information

Designs That Work House Plans are developed by BSC to be appropriate for residential projects in specific climate zones. They are fully integrated construction drawing sets that include floor plans, framing plans and wall framing elevations, exterior elevations, building and wall sections, and mechanical and electrical plans. Please note that house plans are posted as examples of high performance housing designs and are not to be used for construction. For more information, see the note on the title page of the plans.

Enclosures That Work are Building Profiles and High R-Value Assemblies developed by BSC to be appropriate for residential construction in specific climate zones.

Building Profiles are residential building cross sections that include enclosure and mechanical design recommendations. Most profiles also include field expertise notes, material compatibility analysis, and climate challenges.

High R-Value Assemblies are summaries of the results of BSC's ongoing High R-Value Enclosure research — a study that BSC has undertaken for the US DOE's Building America research program to identify and evaluate residential assemblies that cost-effectively provide 50 percent improvement in thermal resistance.

Guides and Manuals are "how-to" documents, giving advice and instructions on specific building techniques and methods. Some, such as the Review of Residential Ventilation Technologies, cover multiple examples within a general topic area. Others, such as the Guide to Insulating Sheathing, are focused on a particular concept and its applications. Longer guides and manuals include background information to help facilitate a strong understanding of the building science behind the hands-on advice.

In addition to these longer standalone guides, this section also contains two quick, easy-to-read series. The IRC FAQ series answers common questions about the building science approach to specific building tasks (for example, insulating a basement). The READ THIS: Before... series offers guidelines and recommendations for everyday situations such as moving into a new home or deciding to renovate.

Information Sheets are short, descriptive overviews of basic building science topics, from duct sealing to reservoir claddings. Through illustrations, photographs, and straightforward explanations, each Information Sheet covers the essential aspects of a single topic. Common, avoidable mistakes are also examined in the What's Wrong with this Project? and What's Wrong with this Practice? mini-series.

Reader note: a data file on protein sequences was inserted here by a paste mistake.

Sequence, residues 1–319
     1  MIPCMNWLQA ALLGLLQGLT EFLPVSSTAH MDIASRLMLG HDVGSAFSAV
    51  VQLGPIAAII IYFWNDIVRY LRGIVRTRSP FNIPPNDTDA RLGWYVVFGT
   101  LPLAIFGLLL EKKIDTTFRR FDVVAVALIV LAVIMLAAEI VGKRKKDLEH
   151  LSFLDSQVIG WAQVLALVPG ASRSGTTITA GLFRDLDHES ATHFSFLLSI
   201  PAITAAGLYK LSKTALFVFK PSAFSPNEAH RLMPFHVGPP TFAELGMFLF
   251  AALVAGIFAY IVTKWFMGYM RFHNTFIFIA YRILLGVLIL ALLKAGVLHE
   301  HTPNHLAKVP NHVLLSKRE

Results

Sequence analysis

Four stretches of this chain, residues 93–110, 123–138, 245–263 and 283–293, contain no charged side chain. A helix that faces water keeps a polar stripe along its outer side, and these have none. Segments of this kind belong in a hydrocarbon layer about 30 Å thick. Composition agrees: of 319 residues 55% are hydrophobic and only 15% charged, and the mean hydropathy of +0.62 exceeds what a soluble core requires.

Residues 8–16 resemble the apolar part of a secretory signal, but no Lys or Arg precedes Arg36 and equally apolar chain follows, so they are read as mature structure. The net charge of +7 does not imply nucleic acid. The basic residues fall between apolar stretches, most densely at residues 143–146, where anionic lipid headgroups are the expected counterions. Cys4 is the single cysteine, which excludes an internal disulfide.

Information Sheets are useful both as an introduction to building science and as a handy reference that can be easily printed for use in the field, in a design meeting, or at the building permit counter.

Published Articles are a selected set of articles written by BSC personnel and published in professional and trade magazines that address building science topics. For example, our work has appeared in Fine Homebuilding, Home Energy, ASHRAE's High Performance Buildings, The Journal of Building Enclosure Design and The Journal of Building Physics. We thank these publications for their gracious permission to republish.

We are passionate about building science and welcome new opportunities to share information. If your publication needs content about energy efficiency, durability, or other aspects of high-performance building, please contact us at info@buildingscience.com.

Research Reports are technical reports written for researchers but accessible to design professionals and builders. These reports typically provide an in-depth study of a particular topic or describe the results of a research project. They are often peer reviewed and also provide support for advice given in our Building Science Digests. The most recent documents posted are at the top of the list below.

Conference Papers are peer-reviewed papers published in conference proceedings.

Building America Reports are sponsored by Building America, part of the U.S. Department of Energy.

28 records found.
Recommended Freeze-Thaw Risk Assessment StepsBuilding Science Corporation has worked with project teams on a wide variety of masonry retrofits, from houses to large buildings, including historical...